Food is a family affair.
And experts agree that how you and your family think and talk about food and bodies can have a big impact on your health now—and in the future.
Unfortunately, some of the most well-meaning practices—like restricting food or focusing on body weight—can end up being harmful. They can actually promote the behaviors and poor self-image they aim to prevent!
What to do?
Support each other in healthier attitudes. Do your best to adopt healthy habits together.
Ideas to make it happen
- Forget "forbidden foods." Being overly restrictive about certain "bad" foods can really backfire. The pressure to be perfect can lead to all kinds of unhealthy behavior. So be moderate. Plan for treats from time to time. If you make good food choices and have reasonable portions most of the time—you're doing great.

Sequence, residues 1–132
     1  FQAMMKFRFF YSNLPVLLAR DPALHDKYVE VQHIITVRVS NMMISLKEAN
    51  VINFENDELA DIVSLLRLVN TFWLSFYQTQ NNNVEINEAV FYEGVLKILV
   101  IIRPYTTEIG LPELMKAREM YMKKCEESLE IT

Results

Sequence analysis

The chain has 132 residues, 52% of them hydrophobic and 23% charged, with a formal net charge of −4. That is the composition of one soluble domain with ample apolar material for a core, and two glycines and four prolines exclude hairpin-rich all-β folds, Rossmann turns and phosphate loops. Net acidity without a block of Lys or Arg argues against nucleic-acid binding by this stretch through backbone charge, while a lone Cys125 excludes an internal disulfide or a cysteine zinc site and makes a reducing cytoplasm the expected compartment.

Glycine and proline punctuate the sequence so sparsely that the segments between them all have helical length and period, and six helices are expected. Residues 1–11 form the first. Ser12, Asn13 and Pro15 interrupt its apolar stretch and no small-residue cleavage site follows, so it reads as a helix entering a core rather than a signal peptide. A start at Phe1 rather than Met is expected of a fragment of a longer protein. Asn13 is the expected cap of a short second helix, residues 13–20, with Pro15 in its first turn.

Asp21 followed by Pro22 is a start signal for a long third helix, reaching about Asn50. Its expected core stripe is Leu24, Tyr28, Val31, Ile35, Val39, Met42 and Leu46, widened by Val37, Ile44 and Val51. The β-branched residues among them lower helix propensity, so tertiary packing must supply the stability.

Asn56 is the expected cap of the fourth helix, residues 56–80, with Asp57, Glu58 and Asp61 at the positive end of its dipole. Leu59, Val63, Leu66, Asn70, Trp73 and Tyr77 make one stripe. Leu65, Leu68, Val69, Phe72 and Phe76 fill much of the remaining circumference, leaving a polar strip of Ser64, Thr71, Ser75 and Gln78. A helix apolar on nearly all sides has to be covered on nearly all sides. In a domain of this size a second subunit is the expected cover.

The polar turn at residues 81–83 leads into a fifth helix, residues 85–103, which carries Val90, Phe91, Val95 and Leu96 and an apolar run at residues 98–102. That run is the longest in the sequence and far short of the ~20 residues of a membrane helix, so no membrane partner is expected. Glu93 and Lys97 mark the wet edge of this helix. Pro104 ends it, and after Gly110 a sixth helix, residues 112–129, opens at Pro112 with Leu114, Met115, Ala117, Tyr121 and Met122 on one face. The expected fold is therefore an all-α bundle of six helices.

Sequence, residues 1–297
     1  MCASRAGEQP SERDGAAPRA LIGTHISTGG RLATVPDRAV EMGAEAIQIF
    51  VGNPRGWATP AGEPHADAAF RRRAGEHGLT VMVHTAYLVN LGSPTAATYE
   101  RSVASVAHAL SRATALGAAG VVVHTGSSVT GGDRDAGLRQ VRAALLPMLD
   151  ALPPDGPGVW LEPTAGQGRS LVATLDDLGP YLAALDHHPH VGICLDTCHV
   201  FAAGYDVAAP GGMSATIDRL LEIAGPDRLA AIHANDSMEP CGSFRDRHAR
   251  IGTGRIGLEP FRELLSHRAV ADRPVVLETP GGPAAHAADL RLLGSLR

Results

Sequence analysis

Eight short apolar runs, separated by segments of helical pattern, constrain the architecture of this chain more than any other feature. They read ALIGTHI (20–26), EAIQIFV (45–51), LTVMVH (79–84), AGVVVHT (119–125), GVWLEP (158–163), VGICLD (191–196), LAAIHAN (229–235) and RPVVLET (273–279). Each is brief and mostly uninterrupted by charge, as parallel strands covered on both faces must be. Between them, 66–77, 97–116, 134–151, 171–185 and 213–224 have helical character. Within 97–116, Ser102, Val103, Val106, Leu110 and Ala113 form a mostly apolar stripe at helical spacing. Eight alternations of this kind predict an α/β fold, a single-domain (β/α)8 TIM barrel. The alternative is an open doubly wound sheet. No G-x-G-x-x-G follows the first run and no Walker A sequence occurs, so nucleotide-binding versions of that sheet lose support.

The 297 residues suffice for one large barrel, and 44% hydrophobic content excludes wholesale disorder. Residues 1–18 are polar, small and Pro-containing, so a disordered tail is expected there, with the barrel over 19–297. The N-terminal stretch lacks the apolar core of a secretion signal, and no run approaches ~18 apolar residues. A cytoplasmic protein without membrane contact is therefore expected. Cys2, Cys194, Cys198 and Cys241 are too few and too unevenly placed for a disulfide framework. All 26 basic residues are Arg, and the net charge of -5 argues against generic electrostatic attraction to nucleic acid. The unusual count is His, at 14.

- Don't use food as a reward, bribe, or punishment. This can lead to "comfort eating"—overeating when you're stressed—and other unhealthy behaviors. Instead, reward or motivate yourself (or your kids) with an activity: a trip to the park, a hike with a friend, a matinee.
- Stay away from fad diets. Beware of eating plans that promise to help you drop weight, build muscle, or lose (or gain) inches in a "quick and easy" way. Such diets rarely work in the long-term—and they can be unsafe. Instead, build life-long healthy habits for eating and activity.
- Learn about nutrition. Take a class or read a book on nutrition. Find out how different foods nourish your body. Be food-friendly, not food-phobic!
- Grow it yourself. Start a garden in your yard—or in containers on your porch or windowsill. Growing your own vegetables is a fun way to get some exercise, bone up on biology, and share time with your family. It's also a great reminder that food is healthy and nurturing, not harmful.